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    PG Web Extra: Still on the Sauce

    Cleaner labels, specialty items are big news in the category

    By Bridget Goldschmidt, Stagnito Business Information
    Victoria Fine Foods' new clean pasta sauce label

    A major trend in the sauce and meal solution category, as in many other center store categories, is an emphasis on "clean-label" products, as exemplified by Victoria Fine Foods' redesign of the label that appears on its jars of authentic pasta sauce, in which the ingredients appear front and center.

    "Victoria has conducted multiple rounds of consumer research to arrive at their new label design, which features their all-natural ingredients on the front of the label, in addition to qualifiers such as 'no preservatives,' 'no water' [and] 'no paste,'" says Don Davide, chief strategy officer for the Brooklyn, N.Y.-based company.

    The reason for the redesign, according to Davide, is simplicity itself. "We found through research that consumers are increasingly more concerned about the ingredients in the foods they are shopping for," he explains. "They want authentic, great taste, but they don't want to feed their families ingredients that they would not use at home themselves. This is why Victoria is unique: They not only use all-natural ingredients and feature them on the front of their label, but they also cook their sauces slowly in large kettles for a truly homemade taste. That is why Victoria's overall theme, which is featured on the front of their label, is 'Ingredients Come First.'"

    Victoria's 12-SKU, 10-flavor line of premium pasta sauces adopted the new label in June 2014, and early indications are that it's a hit. "Since our advertising support and full launch just recently began in September 2014, sales results are looking positive across the line among all retailers for the September-October period," notes Davide, adding that the company has garnered "great feedback from customers about our sauce in terms of taste profile as well as quality of ingredients. We feel this is due to our label design, which clearly places our all natural ingredients on the front of the label for consumers to compare to other leading brands. We have found consumers value this information and ability to make a choice about what they are feeding their family."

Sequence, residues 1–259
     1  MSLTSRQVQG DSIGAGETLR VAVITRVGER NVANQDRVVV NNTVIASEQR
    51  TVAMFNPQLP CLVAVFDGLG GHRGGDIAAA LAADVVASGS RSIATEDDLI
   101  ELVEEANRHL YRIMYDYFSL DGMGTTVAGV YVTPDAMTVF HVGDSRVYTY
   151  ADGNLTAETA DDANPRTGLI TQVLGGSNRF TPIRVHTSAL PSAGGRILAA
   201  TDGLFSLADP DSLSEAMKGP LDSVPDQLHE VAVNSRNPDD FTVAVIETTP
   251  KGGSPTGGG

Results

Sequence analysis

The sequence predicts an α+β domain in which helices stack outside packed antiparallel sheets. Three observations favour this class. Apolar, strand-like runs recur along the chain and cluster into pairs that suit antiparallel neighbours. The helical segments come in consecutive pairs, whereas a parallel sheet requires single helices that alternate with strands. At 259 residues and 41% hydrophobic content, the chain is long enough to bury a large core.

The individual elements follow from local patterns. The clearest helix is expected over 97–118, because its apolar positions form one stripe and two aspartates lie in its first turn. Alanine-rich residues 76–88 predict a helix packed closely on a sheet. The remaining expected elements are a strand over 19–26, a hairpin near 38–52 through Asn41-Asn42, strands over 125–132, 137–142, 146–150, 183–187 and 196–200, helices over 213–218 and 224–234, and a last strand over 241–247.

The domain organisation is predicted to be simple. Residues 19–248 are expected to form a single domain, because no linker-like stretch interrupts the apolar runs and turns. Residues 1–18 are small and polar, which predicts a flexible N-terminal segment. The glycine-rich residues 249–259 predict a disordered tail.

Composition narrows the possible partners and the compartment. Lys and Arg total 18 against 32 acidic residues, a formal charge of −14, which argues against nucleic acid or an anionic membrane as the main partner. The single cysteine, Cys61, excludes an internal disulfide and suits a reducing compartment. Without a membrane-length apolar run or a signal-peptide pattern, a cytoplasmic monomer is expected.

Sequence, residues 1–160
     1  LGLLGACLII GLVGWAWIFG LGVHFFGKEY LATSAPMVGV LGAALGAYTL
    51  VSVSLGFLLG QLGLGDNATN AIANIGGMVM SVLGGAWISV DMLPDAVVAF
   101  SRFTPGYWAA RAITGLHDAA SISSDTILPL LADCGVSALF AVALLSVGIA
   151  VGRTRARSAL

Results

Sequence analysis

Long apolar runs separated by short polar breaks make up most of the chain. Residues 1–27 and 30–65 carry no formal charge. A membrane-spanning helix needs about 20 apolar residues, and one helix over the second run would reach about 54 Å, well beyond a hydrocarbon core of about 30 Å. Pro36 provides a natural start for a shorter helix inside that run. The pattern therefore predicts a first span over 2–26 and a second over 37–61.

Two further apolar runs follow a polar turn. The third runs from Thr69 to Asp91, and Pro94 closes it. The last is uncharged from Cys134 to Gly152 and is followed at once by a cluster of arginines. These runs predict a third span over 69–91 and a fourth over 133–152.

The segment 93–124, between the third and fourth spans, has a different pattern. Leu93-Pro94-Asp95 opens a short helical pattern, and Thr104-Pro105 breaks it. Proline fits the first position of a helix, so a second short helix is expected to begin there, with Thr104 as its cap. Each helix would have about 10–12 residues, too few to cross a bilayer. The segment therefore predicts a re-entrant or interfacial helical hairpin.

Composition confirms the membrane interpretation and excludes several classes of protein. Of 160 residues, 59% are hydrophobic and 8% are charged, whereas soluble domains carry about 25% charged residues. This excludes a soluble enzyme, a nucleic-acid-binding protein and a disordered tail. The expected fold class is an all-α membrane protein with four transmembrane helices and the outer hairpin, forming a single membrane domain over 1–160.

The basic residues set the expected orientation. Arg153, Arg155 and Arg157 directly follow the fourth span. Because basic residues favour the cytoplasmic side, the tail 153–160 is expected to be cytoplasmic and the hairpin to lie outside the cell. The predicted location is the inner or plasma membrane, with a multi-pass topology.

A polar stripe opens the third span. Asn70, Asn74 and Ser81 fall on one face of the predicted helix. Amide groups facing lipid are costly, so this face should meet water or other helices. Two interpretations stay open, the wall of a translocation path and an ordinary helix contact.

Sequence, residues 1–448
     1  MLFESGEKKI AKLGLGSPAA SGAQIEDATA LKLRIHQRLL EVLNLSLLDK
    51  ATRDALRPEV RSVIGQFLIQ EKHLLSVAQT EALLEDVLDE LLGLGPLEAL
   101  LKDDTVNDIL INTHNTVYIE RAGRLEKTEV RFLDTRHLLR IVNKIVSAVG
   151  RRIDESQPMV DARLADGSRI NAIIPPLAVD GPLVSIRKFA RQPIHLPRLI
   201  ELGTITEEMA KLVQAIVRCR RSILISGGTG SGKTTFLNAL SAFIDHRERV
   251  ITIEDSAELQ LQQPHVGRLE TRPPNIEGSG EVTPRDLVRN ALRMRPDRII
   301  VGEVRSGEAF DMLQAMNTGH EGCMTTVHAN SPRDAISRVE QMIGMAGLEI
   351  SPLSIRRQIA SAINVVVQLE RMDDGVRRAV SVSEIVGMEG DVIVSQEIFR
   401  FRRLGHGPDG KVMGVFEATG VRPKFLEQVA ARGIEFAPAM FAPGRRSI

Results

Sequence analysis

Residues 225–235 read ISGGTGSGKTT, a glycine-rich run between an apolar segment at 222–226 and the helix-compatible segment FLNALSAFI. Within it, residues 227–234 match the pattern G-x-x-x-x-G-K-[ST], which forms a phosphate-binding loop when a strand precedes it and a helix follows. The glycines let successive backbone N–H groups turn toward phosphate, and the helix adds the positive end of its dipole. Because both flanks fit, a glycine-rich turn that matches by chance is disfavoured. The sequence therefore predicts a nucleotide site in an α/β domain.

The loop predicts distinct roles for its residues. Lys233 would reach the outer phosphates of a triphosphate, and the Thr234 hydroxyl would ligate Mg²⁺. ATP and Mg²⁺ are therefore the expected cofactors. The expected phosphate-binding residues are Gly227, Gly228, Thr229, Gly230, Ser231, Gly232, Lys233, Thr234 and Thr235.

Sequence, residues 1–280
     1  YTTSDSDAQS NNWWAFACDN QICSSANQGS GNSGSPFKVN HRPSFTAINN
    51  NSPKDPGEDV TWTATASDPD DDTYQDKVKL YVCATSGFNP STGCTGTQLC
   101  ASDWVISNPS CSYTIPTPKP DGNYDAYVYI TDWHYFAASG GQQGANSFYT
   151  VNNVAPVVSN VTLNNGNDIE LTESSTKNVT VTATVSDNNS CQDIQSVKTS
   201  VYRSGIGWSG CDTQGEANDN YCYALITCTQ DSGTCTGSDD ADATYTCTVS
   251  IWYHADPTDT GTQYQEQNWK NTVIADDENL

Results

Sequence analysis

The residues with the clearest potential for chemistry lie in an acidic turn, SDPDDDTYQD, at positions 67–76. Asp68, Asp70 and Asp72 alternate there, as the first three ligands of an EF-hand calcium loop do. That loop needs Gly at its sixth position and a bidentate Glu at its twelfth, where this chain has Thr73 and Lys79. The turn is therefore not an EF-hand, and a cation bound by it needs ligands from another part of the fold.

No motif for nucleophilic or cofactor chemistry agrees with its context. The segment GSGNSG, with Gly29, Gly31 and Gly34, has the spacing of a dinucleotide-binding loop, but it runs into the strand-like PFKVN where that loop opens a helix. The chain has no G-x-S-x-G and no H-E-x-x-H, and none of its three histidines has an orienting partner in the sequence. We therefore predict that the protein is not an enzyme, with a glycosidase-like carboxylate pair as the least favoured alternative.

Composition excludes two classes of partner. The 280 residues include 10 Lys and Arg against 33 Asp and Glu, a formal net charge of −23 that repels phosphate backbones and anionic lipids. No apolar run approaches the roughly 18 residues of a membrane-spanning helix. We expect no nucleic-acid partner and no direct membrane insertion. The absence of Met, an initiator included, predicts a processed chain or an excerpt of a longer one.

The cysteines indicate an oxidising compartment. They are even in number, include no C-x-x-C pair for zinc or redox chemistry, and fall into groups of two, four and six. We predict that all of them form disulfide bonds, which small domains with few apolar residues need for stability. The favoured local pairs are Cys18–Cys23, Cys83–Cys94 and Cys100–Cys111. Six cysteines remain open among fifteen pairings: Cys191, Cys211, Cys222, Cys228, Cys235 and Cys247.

In addition to periodic promotions, Victoria supported the label launch with TV advertising, radio advertising, free-standing inserts, shelf talkers, corrugated and pallet display programs.

    Naturally enough, Victoria isn't the only company to make such a change. Pendleton, Ore.-based Barhyte Specialty Foods, maker of the Saucy Mama product line, has also embraced the idea of a clean label -- in both senses of the word. "We redesigned the labels to make them cleaner," says Marketing and PR Manager Colette Harris. "We added a different subtle color to each of the items to make them stand out on the shelf. While the Saucy Mama product line looks cohesive on the shelf, it’s also easier for customers to see that the products are different without reading details on the label."

    Beyond a more streamlined look, however, "I think people will keep pushing the limits on new and unique flavors, as well as heading down the road to making the products as 'clean' as possible, with fewer preservatives and locally sourced ingredients," adds Harris.

    And another Victoria – Ms. Hoke, COO of Irvine Calif.-based Victoria's Garden Grown – concurs with that assessment, tying shoppers' interest in purer products to a concern with the healthfulness of the foods they eat. "I think innovation is the name of the game, as well as cleaning up ingredient lists," affirms Hoke. "Consumers are demanding quality; they're getting better educated on what they should be putting in their bodies, and want food companies to meet the demand for what they care about -- the perfect combination of flavor and health."

    By Bridget Goldschmidt, Stagnito Business Information
    • About Bridget Goldschmidt In addition to serving as Progressive Grocer’s Managing Editor, Bridget writes many print and digital features encompassing a range of grocery and fresh categories across the store. Bridget also enjoys on-site reporting assignments at such key industry events as the New York Fancy Food Show and the International Boston Seafood Show, in addition to visiting stores for PG’s prestigious Store of the Month feature. In her years with the magazine, she has developed into a knowledgeable voice on grocery industry trends, sought by such distinguished publications as The New York Times.

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